Is the TSC the right size? Should it be expanded?
Proposal: Extend the size of the TSC to 15 (pending Board approval). To get started, add the next 4 candidates from the last election results to the current term.
I believe I read the discussion(s) from the previous TSC meetings on this topic, but I'm not really sure what we are trying to accomplish with expanding the size of the TSC.
I think the basic arguments are the following:
I think Hart got it right. There are many ways and certainly more sophisticated ones to go at this that have been mentioned and that could maybe lead to a more diverse representation but I understand from the staff that if we simply took the next 4 people from the election results this would already improve diversity so I'm happy to go with this as a first step. It has the advantage of being simple and implementable very quickly.
I'm a strong believer in iterative processes and open to refining this further down the line but I don't want investigating other possible ways to come at the cost of doing nothing for months.
OK ... got it. I just worry that people will interpret "diversity" in different ways .... if the real outcome here is just that we think that we need a larger number of members given the current size of the community, then simply adding 4 makes sense.
I totally second Arnaud's and Hart's inputs. The ecosystem has evolved and grown quite a lot last 2 years. I think there should also be a right spread of the TSC members across geographies. Would also be good to think of how can someone still contribute to the TSC without going thru the election process.
The TSC calls and mailing list are open to anyone and several people have been contributing for years without being official members.
One idea that came out of some discussions about increasing diversity on the TSC - geographic, project representation, gender or other demographic variables - is for a newly-elected TSC to appoint a set of additional TSC seats to increase its own diversity intentionally. This is different from simply changing "top 11" to "top 15 or 17". This would be a delicate process, of course, but could be a powerful way to get additional diversity quickly. I believe this was done in the CNCF community.
This is exactly the kind of other ways I was referring to as "more sophisticated ones [...] that have been mentioned and that could maybe lead to a more diverse representation". There are others. For instance, we could also allocate one seat per project/group we want represented and leave it to each group to figure out who will represent them.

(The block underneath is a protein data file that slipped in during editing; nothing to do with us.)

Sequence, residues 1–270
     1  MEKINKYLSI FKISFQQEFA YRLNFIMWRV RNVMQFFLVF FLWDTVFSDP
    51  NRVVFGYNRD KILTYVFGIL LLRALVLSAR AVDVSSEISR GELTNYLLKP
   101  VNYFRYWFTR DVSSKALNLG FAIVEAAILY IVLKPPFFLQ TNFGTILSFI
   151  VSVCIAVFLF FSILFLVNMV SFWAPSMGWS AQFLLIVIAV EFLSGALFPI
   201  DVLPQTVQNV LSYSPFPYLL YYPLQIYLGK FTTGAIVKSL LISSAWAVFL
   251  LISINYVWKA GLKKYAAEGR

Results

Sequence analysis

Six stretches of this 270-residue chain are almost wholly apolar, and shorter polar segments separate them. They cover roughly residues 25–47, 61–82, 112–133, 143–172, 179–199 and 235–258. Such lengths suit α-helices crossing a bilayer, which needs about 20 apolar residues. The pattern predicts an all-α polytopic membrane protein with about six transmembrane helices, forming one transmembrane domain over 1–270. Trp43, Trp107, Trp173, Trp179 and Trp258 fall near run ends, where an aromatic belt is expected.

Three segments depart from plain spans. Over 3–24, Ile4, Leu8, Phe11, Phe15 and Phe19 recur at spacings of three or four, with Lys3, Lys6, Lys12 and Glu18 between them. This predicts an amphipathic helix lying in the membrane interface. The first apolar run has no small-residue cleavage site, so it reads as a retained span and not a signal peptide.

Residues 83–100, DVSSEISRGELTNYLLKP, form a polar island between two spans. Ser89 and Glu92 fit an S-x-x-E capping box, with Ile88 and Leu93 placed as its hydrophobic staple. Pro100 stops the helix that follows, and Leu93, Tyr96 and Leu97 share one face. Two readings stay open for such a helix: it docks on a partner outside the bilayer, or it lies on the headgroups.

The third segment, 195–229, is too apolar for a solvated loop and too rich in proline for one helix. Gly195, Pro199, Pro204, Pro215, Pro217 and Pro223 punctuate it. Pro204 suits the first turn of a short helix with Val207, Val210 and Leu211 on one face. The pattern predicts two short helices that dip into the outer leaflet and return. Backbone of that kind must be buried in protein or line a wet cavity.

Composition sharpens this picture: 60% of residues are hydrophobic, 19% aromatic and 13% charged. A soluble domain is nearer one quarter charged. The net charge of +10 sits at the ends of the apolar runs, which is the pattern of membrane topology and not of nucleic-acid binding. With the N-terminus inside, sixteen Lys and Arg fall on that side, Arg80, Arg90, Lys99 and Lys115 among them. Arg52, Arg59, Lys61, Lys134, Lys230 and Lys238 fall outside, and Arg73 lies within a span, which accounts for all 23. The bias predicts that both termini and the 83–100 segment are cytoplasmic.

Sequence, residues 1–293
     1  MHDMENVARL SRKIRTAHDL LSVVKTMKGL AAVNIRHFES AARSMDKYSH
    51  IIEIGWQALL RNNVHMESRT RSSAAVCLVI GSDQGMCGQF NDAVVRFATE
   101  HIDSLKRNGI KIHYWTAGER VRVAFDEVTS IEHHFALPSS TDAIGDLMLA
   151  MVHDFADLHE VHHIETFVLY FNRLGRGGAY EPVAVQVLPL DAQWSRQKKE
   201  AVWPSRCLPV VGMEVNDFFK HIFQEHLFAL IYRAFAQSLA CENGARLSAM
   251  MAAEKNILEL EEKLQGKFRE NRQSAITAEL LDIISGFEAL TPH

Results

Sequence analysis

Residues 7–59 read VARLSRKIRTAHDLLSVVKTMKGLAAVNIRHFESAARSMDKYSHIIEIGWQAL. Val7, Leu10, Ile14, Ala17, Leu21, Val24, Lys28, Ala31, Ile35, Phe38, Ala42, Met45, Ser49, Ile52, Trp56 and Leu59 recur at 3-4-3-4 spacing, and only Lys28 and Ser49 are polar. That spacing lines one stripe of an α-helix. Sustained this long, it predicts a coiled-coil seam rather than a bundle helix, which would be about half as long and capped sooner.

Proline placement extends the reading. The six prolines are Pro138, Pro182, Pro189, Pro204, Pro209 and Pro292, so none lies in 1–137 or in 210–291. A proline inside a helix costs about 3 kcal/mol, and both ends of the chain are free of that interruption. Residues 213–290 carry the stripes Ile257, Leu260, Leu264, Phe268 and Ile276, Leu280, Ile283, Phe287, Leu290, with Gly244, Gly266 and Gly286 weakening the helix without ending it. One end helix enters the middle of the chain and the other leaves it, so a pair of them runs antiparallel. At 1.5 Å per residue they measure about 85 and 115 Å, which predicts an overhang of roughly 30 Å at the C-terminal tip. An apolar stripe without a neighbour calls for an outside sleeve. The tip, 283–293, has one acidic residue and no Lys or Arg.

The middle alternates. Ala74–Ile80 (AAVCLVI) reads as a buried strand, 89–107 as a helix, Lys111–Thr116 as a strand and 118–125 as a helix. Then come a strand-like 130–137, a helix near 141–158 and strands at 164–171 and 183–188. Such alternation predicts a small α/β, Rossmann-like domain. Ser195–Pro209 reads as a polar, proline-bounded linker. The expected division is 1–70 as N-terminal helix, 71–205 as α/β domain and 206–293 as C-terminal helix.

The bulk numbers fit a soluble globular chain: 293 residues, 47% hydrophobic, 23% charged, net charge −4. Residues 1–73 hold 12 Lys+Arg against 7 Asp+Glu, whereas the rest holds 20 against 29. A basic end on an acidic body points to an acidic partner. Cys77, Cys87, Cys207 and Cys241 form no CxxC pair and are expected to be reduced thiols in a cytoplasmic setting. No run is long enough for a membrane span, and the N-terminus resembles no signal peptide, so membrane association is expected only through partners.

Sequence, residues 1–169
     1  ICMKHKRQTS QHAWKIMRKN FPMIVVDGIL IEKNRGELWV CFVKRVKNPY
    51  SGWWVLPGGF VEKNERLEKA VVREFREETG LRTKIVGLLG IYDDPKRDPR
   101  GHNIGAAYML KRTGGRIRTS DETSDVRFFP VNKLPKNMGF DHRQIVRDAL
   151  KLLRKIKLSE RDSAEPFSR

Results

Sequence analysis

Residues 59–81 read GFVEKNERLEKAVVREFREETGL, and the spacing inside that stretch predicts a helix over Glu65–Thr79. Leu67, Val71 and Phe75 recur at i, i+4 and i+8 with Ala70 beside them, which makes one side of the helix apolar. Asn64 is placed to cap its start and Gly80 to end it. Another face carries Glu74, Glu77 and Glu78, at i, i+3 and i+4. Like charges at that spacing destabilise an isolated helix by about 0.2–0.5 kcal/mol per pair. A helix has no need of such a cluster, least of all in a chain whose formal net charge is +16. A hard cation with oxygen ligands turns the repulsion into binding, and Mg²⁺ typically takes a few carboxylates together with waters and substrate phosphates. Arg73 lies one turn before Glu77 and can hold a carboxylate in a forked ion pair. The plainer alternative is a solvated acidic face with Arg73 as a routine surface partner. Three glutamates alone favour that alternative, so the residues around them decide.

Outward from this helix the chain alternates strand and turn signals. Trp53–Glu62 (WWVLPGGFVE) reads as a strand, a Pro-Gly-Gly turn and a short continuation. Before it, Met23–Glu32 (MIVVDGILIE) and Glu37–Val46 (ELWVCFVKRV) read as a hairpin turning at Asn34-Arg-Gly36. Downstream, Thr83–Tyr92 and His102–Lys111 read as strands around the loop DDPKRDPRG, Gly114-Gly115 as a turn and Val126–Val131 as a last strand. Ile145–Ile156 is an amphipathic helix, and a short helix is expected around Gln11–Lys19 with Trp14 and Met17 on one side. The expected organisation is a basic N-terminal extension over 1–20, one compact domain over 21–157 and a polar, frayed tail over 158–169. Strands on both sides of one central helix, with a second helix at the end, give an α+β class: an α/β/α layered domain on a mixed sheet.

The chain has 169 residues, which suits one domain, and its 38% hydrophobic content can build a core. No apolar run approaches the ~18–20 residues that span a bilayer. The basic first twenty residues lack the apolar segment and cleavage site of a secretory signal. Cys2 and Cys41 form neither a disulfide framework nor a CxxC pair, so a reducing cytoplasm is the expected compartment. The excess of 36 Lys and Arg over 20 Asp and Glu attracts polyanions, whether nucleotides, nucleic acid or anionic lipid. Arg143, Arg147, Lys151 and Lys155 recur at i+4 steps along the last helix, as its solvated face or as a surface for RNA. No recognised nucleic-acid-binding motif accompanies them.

I just fear that figuring out which method to use and all of its details can take quite a while to sort out.
am glad you said that Brian. I was coming from the same school fo thought. I see below that Arnaud also concurs to this idea. Would be glad to contribute further on this.
Having given this quite some thoughts I'm back to my original proposal because I think every way has its own downside.
I thought adding a seat per project might make sense but that actually makes having a project or not much more sensitive. One might want to have a project because it's a way to get a seat, and one might not want to be a subproject or get archived not to lose their seat.
Having 11 people handpicking four more seems equally doomed. I think we'd end up having to hold some internal election again. But then, why not use the result of the first one?
So, I'm back to my proposal: Extend the size of the TSC to 15 (pending Board approval). To get started, add the next 4 candidates from the last election results to the current term.
"I thought adding a seat per project might make sense but that actually makes having a project or not much more sensitive. One might want to have a project because it's a way to get a seat, and one might not want to be a subproject or get archived not to lose their seat."
I've thought about this kind of federated approach a little bit. I think if you wanted to do it, you would need to allocate seats to active projects based on the number of active contributors (with zero seats being a possibility for small projects) according to some (probably sublinear) formula.
This would partially solve the subproject issue–presumably if a group was large enough to get a seat, they could increase an existing project's size by joining as a subproject and get a seat that way as well. If the formula was sublinear, this might not exactly be the case (and the group might not get the number of seats they would otherwise) but it would partially alleviate the problem.
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